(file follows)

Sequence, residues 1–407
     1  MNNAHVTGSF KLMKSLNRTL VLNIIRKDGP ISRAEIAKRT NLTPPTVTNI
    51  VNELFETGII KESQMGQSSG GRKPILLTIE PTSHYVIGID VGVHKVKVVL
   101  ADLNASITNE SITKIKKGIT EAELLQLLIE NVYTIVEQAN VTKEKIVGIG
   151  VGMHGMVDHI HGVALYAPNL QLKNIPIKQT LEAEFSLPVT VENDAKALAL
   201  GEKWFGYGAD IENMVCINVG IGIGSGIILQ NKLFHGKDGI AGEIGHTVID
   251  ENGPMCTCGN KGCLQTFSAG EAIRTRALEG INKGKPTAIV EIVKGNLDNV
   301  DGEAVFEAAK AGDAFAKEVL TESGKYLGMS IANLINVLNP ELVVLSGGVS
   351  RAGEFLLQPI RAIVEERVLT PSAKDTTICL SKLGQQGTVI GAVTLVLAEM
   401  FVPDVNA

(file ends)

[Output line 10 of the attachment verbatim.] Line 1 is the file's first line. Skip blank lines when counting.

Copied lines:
   401  FVPDVNA